A charming, beautifully photographed modern fairy tale about love and gardening, This Beautiful Fantastic is worth seeing in spite of its dumb deterrent of a title. It’s an odd story about some very odd people guaranteed to grow on you. Written and directed with whimsical taste and obvious talent by Simon Aboud, the son-in-law of Paul McCartney, it’s different, gorgeous to look at, and you go away feeling good about life and lilacs.
THIS BEAUTIFUL FANTASTIC
Written and directed by: Simon Aboud
Starring: Jessica Brown Findlay, Andrew Scott and Jeremy Irvine
Running time: 92 mins.
The centerpiece is a reclusive woman who dresses almost entirely in black. Her name is Bella Brown (Downton Abbey’s Jessica Brown Findlay). She was a foundling tended by a flock of ducks, rescued by an old man in the bulrushes by a lake and raised in a Catholic orphanage. Cut to Bella as a very strange adult indeed—an assistant librarian with a passion for order and precision with a dream of becoming an author of children’s books. One thing Bella has no interest in or talent for is horticulture.
When the garden behind the modest little house she rents turns to weeds, her irascible landlord threatens her with eviction unless she can pull the neglected garden to its former glory in 30 days. With the encouragement of Vernon (Andrew Scott), an Irish cook and widower with two daughters, she begins the arduous task of restoring the garden while enduring the insults of a curmudgeonly next-door neighbor, Alfie Stevenson (the great Tom Wilkinson). Eventually a color palette comes alive as the surly old man teaches Bella about life and love through the metaphor of gardening as the barren, vine-choking lot turns into a magical world of hollyhocks, delphiniums, and dahlias.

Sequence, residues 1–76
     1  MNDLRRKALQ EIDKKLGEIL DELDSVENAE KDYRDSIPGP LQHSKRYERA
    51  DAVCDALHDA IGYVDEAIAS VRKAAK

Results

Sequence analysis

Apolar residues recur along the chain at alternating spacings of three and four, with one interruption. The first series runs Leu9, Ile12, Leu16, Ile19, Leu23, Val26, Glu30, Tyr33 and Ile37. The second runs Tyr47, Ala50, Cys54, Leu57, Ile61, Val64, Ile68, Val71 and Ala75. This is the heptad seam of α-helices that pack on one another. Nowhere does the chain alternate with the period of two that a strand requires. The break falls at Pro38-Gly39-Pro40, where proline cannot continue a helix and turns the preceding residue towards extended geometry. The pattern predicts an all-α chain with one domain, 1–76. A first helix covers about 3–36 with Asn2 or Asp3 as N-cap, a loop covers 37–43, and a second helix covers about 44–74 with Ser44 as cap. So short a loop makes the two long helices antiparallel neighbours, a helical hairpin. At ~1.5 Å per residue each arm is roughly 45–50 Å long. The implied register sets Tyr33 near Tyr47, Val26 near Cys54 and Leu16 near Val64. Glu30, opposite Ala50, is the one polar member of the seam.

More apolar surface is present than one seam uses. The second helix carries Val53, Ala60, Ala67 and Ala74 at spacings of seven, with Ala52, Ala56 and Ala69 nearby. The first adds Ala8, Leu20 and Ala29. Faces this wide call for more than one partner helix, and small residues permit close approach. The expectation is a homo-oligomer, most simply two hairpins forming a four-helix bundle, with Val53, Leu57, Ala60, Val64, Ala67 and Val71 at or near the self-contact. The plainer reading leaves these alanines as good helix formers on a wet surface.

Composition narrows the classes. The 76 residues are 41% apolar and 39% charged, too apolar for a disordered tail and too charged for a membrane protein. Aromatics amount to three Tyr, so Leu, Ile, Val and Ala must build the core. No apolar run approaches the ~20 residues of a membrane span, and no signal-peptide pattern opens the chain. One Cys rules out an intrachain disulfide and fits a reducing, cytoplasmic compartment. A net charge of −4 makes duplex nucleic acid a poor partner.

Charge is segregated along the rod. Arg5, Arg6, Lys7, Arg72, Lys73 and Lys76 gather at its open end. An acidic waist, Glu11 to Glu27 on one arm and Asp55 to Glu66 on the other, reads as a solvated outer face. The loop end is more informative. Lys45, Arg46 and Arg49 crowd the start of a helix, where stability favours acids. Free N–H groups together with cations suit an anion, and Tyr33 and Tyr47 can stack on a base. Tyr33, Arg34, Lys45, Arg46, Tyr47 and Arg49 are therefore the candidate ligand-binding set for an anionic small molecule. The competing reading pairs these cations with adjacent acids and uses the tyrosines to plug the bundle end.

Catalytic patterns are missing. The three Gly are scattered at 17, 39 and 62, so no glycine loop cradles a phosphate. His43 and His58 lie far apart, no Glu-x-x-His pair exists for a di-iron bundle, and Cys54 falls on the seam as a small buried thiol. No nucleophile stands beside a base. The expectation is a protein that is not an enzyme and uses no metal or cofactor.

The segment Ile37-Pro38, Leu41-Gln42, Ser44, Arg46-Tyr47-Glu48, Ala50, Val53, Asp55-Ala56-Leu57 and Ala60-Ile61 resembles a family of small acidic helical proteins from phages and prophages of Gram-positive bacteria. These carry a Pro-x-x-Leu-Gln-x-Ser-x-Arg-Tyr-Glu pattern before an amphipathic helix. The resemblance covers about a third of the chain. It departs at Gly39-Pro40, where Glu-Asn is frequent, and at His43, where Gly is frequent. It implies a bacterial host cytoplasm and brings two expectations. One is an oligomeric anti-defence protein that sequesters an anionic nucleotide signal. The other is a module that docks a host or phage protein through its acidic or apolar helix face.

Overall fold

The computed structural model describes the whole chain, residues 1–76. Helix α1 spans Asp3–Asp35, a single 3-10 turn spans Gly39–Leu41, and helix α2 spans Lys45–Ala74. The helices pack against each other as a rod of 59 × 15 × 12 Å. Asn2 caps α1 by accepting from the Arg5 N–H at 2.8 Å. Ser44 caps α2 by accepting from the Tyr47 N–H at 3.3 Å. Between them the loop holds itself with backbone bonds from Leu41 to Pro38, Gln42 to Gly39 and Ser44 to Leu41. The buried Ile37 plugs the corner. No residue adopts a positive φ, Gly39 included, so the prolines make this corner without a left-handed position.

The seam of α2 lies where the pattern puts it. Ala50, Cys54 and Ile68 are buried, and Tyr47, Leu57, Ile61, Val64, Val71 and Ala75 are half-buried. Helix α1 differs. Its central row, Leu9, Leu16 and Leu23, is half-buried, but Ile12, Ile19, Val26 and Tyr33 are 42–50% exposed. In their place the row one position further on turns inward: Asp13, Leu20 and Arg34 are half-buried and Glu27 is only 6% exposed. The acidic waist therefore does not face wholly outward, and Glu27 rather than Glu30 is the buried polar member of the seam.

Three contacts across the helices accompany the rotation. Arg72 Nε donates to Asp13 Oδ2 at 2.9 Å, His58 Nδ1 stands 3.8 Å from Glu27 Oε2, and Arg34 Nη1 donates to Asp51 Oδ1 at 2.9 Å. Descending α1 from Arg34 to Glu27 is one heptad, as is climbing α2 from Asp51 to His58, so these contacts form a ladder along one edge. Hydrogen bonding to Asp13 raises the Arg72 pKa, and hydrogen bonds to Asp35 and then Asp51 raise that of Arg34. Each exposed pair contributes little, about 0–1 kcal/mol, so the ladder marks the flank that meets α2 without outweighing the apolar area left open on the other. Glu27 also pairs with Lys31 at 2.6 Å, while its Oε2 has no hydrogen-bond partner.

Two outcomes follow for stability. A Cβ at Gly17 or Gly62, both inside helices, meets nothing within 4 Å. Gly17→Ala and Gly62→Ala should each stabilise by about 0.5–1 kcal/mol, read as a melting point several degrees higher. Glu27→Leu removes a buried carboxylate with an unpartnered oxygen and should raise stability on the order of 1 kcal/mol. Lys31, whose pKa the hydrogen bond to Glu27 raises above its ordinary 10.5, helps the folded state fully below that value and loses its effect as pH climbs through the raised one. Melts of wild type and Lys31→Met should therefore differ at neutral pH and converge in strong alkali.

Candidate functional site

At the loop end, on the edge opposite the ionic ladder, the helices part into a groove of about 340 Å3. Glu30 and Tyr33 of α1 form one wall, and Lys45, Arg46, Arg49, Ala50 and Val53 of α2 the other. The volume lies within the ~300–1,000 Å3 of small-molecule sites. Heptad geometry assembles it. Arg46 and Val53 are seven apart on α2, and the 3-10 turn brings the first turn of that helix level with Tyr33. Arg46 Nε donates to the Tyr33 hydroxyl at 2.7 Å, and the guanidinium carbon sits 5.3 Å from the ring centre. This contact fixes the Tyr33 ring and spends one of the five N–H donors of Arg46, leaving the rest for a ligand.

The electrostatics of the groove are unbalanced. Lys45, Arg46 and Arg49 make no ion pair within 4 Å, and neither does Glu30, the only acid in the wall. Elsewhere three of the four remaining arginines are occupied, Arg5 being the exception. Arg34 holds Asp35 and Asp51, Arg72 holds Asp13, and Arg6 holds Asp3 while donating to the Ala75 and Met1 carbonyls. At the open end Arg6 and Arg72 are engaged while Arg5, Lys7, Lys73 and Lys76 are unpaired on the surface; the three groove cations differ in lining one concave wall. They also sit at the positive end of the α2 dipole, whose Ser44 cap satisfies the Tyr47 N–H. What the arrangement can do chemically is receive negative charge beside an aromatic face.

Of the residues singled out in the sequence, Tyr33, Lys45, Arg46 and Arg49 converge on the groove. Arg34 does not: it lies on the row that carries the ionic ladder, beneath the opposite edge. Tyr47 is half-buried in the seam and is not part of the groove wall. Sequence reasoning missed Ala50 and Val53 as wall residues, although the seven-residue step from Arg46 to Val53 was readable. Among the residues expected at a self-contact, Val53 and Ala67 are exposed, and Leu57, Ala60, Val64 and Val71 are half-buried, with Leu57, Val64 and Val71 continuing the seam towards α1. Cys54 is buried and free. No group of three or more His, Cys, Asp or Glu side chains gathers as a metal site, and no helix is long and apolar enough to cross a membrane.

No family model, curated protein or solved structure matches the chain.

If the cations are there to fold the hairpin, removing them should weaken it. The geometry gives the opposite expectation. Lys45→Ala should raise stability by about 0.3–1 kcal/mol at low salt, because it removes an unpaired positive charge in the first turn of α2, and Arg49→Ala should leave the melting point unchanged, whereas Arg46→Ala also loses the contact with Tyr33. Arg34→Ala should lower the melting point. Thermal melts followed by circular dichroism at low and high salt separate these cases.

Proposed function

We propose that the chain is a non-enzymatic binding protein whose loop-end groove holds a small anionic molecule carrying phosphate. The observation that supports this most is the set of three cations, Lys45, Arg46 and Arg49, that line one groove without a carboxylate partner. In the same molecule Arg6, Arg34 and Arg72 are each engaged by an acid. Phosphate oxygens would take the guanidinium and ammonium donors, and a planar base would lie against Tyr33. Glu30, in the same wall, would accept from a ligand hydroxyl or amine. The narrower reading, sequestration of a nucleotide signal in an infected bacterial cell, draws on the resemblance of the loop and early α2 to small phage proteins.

Stevenson turns out to be an unexpected but treasured ally, while Vernon keeps them all faithfully sated with béarnaise and blancmange. By the time it ends in a rainbow, Bella has experienced a new appreciation of happiness through nature, a fresh definition of friendship, and even romance—with an eccentric inventor of mechanical birds (the impossibly handsome Jeremy Irvine from War Horse, in nerd disguise) whose flying objects give Bella the inspiration she needs to write her first children’s novel.
It’s all a bit too precious for my taste, but it’s sweet as marzipan, dreamy to look at and warmed by performances that resonate.